Jeffrey White

jeffrey whiteBS mechanical engineering '05

(Pursuing SM in mechanical engineering, MIT)

Current job: Lieutenant and engineering duty officer (presently a graduate student), U.S. Navy
Residence: Cambridge, MA
Family: Wife Marissa
Community activities: Community soccer team, MIT sailing center. Have also volunteered as high school soccer coach.

Why did you choose to attend the University ofRochester?

Rochester met all of my criteria – an excellent engineering program, a Navy ROTC program and a very competitive Division III soccer team.  More importantly all three organizations were very supportive of my different pursuits. Coach Apple pushed us for excellence on the field and in the classroom. The Navy ROTC Unit wanted us to choose a technical major and encouraged varsity sports. It was a perfect fit!

What do you do now and why did you choose this career?

I am an engineering duty officer for the U.S. Navy. Once I complete my graduate program I will go to work in one of the Navy's shipyards as a project officer for either new construction or maintenance/modernization of our ships. At Rochester, I was in the Navy ROTC program and spent the subsequent four years as a crew member on two different ships. In 2007 I was assigned as the navigator for a ship under construction and was exposed to the technical side of the Navy. Pursuing a career as an engineering duty officer allows me to combine my desire to continue my military service, but applying myself as an engineer.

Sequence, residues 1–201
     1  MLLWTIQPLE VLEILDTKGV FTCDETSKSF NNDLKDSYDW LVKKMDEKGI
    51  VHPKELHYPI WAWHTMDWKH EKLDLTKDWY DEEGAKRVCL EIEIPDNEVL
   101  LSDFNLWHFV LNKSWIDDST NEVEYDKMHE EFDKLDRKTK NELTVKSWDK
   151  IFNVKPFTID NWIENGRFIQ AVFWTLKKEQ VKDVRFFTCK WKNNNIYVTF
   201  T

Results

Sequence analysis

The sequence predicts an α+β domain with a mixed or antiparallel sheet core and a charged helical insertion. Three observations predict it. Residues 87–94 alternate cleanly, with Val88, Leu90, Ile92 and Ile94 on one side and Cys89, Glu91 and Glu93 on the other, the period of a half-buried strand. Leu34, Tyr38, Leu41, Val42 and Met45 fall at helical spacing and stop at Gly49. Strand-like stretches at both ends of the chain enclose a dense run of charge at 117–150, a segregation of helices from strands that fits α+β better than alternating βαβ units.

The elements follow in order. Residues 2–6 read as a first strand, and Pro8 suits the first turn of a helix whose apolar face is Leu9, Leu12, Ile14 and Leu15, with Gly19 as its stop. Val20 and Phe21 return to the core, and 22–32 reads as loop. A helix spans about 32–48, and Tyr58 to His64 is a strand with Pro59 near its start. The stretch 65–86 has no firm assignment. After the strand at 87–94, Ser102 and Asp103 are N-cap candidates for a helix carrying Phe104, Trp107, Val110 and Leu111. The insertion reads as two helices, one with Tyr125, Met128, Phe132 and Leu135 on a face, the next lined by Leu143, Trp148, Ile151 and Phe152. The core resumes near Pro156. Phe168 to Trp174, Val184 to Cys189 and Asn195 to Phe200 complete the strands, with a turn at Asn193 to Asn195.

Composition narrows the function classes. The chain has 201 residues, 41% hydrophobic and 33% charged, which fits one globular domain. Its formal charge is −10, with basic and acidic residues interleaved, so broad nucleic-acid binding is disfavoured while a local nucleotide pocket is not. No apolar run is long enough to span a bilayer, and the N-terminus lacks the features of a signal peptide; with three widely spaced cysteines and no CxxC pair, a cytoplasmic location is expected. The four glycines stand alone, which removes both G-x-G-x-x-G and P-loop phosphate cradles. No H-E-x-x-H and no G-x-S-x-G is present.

What skills, tools, or knowledge from your major have been most useful to you since graduation?

Without a doubt it is problem solving, which is a core tenant of engineering. At Rochester the ME department had several excellent lab courses that challenged us to develop our own approach to problem solving, and these are experiences I still draw on.

How do you balance your work and personal life?

The trick for me is deliberately making time for both. My first year in the Navy I had a boss who would sit us down with a 90-day calendar and show us his expectations for us in the near term – when we were going to be busy and when work would be light. He understood that we wanted to take time for ourselves, but he also gave us realistic expectations. I still keep a paper calendar on my desk and do this for my family.

What advice do you have for current Hajim School students about their time on campus, graduate study, or the first few years after college?

My best advice is to get out there and see things for yourself – travel, talk to people, get your hands dirty and take chances. The Navy has taken me to four continents and given me experiences I would likely not have had otherwise. For example, as a freshman I took ME 104Q where Professor Perucchio taught us about the Roman aqueduct at Pont Du Gard in the south of France – a 2000-year-old engineering marvel. Last year I had the opportunity to visit the site and was finally able to comprehend the magnitude of this incredible structure beyond any textbook or lecture. I only wish I hadn't waited 11 years to see it.